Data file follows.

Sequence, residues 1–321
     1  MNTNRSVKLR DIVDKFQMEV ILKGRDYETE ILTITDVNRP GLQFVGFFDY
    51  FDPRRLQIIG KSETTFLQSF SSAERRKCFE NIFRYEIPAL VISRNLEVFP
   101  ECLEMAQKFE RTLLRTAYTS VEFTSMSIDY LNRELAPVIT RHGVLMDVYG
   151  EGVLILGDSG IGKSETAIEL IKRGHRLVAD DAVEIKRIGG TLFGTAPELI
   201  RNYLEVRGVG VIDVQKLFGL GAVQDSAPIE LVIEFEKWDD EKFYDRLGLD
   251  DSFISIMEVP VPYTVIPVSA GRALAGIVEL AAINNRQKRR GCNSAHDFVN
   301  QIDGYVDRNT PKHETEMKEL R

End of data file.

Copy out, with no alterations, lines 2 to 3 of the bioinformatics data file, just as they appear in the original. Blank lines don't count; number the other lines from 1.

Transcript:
     1  MNTNRSVKLR DIVDKFQMEV ILKGRDYETE ILTITDVNRP GLQFVGFFDY
    51  FDPRRLQIIG KSETTFLQSF SSAERRKCFE NIFRYEIPAL VISRNLEVFP